Article  PubMed  PubMed Central  Google Scholar 

  8. 8

    Ulrich, M. et al. Alveolar inflammation in cystic fibrosis. J. Cyst. Fibros. 9, 217–227 (2010).

    CAS  PubMed Central  Article  PubMed  Google Scholar 

  9. 9

    Yang, L., Jelsbak, L. & Molin, S. Microbial ecology and adaptation in cystic fibrosis airways. Environ. Microbiol. 13, 1682–1689 (2011).

    CAS  Article  PubMed  PubMed Central  Google Scholar 

  10. 10

    Hansen, C. R., Pressler, T. & Hoiby, N. Early aggressive eradication therapy for intermittent Pseudomonas aeruginosa airway colonization in cystic fibrosis patients: 15 years experience. J. Cyst. Fibros. 7, 523–530 (2008).

    CAS  Article  Google Scholar 

  11. 11

    Rasmussen, J. et al. CT of the paranasal sinuses is not a valid indicator for sinus surgery in CF patients. J. Cyst. Fibros. 11, 93–99 (2012).

    Article  Google Scholar 

  12. 12

    Harrison, F. Microbial ecology of the cystic fibrosis lung. Microbiology 153, 917–923 (2007).

    CAS  Article  Google Scholar 

  13. 13

    Koch, C. Early infection and progression of cystic fibrosis lung disease. Pediatr. Pulmonol. 34, 232–236 (2002).

    Article  Google Scholar 

  14. 14

    Hoiby, N. & Johansen, H. K. Isolation measures for prevention of infection with respiratory pathogens in cystic fibrosis: a systematic review? J. Hosp. Infect. 65, 374–375 (2007).

    CAS  Article  Google Scholar 

  15. 15

    FitzSimmons, S. C. The changing epidemiology of cystic fibrosis. J. Pediatr. 122, 1–9 (1993).

    CAS  Article  Google Scholar 

  16. 16

    Burns, J. L. et al. Longitudinal assessment of Pseudomonas aeruginosa in young children with cystic fibrosis. J. Infect. Dis. 183, 444–452 (2001).

    CAS  Article  Google Scholar 

  17. 17

    Johansen, H. K. & Hoiby, N. Seasonal onset of initial colonisation and chronic infection with Pseudomonas aeruginosa in patients with cystic fibrosis in Denmark. Thorax 47, 109–111 (1992).

    CAS  PubMed Central  Article  PubMed  Google Scholar 

  18. 18

    Doring, G., Taccetti, G., Campana, S., Festini, F. & Mascherini, M. Eradication of Pseudomonas aeruginosa in cystic fibrosis patients. Eur. Respir. J. 27, 653 (2006).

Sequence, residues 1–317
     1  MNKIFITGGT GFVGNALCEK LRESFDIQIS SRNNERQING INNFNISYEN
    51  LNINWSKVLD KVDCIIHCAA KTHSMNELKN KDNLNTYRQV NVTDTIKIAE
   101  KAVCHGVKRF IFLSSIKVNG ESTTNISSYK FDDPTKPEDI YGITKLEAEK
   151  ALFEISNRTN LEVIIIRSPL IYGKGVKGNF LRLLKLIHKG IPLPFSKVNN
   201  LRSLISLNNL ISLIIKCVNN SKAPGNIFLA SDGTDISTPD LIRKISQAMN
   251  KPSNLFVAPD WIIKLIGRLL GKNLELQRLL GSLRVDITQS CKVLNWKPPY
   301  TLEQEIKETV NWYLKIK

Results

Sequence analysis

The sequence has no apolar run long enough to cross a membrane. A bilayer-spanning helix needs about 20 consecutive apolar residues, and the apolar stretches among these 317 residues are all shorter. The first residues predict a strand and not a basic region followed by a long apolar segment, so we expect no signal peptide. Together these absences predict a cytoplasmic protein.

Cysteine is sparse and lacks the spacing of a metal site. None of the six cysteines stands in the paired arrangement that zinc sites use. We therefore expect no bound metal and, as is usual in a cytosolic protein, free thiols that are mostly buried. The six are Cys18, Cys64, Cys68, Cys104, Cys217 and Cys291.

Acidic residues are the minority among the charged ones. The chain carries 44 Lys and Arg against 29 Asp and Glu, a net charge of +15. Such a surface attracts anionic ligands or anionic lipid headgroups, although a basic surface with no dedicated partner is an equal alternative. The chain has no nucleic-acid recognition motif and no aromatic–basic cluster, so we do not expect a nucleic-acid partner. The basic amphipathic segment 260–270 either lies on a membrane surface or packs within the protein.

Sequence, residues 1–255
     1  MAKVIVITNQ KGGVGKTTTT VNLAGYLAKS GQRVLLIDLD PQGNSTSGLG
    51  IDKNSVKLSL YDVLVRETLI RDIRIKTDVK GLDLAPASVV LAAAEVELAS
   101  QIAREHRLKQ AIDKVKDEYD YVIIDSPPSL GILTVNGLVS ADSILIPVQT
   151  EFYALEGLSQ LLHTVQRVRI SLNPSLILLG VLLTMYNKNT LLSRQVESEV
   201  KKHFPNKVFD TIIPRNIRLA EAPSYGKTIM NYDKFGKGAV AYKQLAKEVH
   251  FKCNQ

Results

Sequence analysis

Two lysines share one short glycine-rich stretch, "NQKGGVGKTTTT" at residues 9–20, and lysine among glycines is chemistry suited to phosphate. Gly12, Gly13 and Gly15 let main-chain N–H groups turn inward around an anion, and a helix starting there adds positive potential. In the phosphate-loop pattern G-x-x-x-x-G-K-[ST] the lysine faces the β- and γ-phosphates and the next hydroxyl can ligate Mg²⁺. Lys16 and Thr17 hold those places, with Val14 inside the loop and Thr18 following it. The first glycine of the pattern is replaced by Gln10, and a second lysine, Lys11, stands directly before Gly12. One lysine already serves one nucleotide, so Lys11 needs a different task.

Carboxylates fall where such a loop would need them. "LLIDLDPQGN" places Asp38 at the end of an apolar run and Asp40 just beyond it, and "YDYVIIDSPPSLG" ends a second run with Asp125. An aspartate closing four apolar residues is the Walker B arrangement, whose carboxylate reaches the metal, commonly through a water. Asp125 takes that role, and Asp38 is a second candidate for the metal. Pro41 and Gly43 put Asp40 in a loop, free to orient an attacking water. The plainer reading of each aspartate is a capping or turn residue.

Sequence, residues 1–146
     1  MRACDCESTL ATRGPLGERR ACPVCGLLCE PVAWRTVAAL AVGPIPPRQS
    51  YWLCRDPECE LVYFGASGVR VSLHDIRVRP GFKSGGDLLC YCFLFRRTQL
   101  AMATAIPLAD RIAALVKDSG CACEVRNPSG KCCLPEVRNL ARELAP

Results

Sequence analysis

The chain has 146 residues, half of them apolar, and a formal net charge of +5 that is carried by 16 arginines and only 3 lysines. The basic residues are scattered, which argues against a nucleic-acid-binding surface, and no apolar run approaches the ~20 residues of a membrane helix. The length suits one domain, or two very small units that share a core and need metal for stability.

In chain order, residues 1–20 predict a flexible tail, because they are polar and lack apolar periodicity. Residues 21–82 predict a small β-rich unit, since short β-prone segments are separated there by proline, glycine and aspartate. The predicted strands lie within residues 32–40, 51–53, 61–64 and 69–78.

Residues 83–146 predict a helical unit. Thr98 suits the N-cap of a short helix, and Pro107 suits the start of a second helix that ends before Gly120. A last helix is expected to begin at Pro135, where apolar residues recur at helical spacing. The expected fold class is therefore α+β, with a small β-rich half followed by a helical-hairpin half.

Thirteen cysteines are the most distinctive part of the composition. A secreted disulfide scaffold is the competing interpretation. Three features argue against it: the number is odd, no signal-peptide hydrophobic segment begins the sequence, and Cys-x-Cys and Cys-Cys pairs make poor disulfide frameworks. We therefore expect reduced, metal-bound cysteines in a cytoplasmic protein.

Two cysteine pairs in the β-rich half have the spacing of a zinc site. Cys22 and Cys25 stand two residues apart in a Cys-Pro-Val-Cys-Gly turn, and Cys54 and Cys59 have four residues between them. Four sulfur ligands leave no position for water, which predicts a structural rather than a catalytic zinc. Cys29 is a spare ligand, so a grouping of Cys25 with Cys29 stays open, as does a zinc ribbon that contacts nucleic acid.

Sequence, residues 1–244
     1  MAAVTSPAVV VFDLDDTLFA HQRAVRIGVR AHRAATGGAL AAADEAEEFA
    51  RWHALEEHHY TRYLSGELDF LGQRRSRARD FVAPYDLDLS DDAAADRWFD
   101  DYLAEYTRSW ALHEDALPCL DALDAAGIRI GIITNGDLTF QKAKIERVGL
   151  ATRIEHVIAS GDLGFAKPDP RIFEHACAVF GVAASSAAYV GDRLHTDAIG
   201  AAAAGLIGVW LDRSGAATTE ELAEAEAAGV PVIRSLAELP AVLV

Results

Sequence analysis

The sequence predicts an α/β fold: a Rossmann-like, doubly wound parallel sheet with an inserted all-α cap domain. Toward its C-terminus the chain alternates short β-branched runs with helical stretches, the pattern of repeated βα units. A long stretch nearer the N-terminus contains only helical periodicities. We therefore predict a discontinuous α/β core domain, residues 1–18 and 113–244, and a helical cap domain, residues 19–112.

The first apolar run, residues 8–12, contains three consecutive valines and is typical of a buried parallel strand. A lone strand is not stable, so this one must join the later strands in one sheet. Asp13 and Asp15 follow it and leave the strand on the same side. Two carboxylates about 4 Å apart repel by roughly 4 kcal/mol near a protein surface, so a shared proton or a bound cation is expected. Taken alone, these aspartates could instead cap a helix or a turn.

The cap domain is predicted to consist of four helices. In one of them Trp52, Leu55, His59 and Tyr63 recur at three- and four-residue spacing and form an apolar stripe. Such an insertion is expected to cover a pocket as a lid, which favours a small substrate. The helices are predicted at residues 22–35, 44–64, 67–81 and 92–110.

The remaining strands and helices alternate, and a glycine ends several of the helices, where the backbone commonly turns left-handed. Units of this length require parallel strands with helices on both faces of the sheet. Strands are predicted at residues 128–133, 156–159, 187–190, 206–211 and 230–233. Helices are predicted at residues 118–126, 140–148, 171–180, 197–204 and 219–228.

CAS  Article  Google Scholar 

  19. 19

    Gibson, R. L. et al. Significant microbiological effect of inhaled tobramycin in young children with cystic fibrosis. Am. J. Respir. Crit. Care Med. 167, 841–849 (2003).

    Article  Google Scholar 

  20. 20

    Munck, A. et al. Genotypic characterization of Pseudomonas aeruginosa strains recovered from patients with cystic fibrosis after initial and subsequent colonization. Pediatr. Pulmonol. 32, 288–292 (2001).

    CAS  Article  Google Scholar 

  21. 21

    Jelsbak, L. et al. Molecular epidemiology and dynamics of Pseudomonas aeruginosa populations in lungs of cystic fibrosis patients. Infect. Immun. 75, 2214–2224 (2007).

    CAS  PubMed Central  Article  PubMed  Google Scholar 

  22. 22

    Doring, G. et al. Antibiotic therapy against Pseudomonas aeruginosa in cystic fibrosis: a European consensus. Eur. Respir. J. 16, 749–767 (2000).

    CAS  Article  Google Scholar 

  23. 23

    Doring, G. & Hoiby, N. Early intervention and prevention of lung disease in cystic fibrosis: a European consensus. J. Cyst. Fibros. 3, 67–91 (2004).

    Article  Google Scholar 

  24. 24

    Lee, T. W., Brownlee, K. G., Conway, S. P., Denton, M. & Littlewood, J. M. Evaluation of a new definition for chronic Pseudomonas aeruginosa infection in cystic fibrosis patients. J. Cyst. Fibros. 2, 29–34 (2003).

    Article  Google Scholar 

  25. 25

    Nichols, D., Chmiel, J. & Berger, M. Chronic inflammation in the cystic fibrosis lung: alterations in inter- and intracellular signaling. Clin. Rev. Allergy Immunol. 34, 146–162 (2008).

    CAS  Article  Google Scholar 

  26. 26

    Regamey, N., Jeffery, P. K., Alton, E. W., Bush, A. & Davies, J. C. Airway remodelling and its relationship to inflammation in cystic fibrosis. Thorax 66, 624–629 (2011).

    Article  Google Scholar 

  27. 27

    Anderson, G. G., Moreau-Marquis, S., Stanton, B. A. & O'Toole, G. A. In vitro analysis of tobramycin-treated Pseudomonas aeruginosa biofilms on cystic fibrosis-derived airway epithelial cells. Infect. Immun. 76, 1423–1433 (2008).

    CAS  PubMed Central  Article  PubMed  Google Scholar 

  28. 28

    Aspedon, A., Palmer, K. & Whiteley, M. Microarray analysis of the osmotic stress response in Pseudomonas aeruginosa. J. Bacteriol. 188, 2721–2725 (2006).

    CAS  PubMed Central  Article  PubMed  Google Scholar 

  29. 29

    Bagge, N. et al. Pseudomonas aeruginosa biofilms exposed to imipenem exhibit changes in global gene expression and β-lactamase and alginate production. Antimicrob. Agents Chemother. 48, 1175–1187 (2004).

    CAS  PubMed Central  Article  PubMed  Google Scholar 

  30. 30

    Cirz, R. T., O'Neill, B. M., Hammond, J. A., Head, S. R. & Romesberg, F. E. Defining the Pseudomonas aeruginosa SOS response and its role in the global response to the antibiotic ciprofloxacin. J. Bacteriol. 188, 7101–7110 (2006).

    CAS  PubMed Central  Article  PubMed  Google Scholar 

  31. 31

    Jones, A. K. et al. Activation of the Pseudomonas aeruginosa AlgU regulon through mucA mutation inhibits cyclic AMP/Vfr signaling. J. Bacteriol. 192, 5709–5717 (2010).

    CAS  PubMed Central  Article  PubMed  Google Scholar 

  32. 32

    Wu, W., Badrane, H., Arora, S., Baker, H. V. & Jin, S. MucA-mediated coordination of type III secretion and alginate synthesis in Pseudomonas aeruginosa. J. Bacteriol. 186, 7575–7585 (2004).

    CAS  PubMed Central  Article  PubMed  Google Scholar 

  33. 33

    Huse, H. K. et al. Parallel evolution in Pseudomonas aeruginosa over 39,000 generations in vivo. mBio 1, e00199–10 (2010).

    PubMed Central  Article  CAS  PubMed  Google Scholar 

  34. 34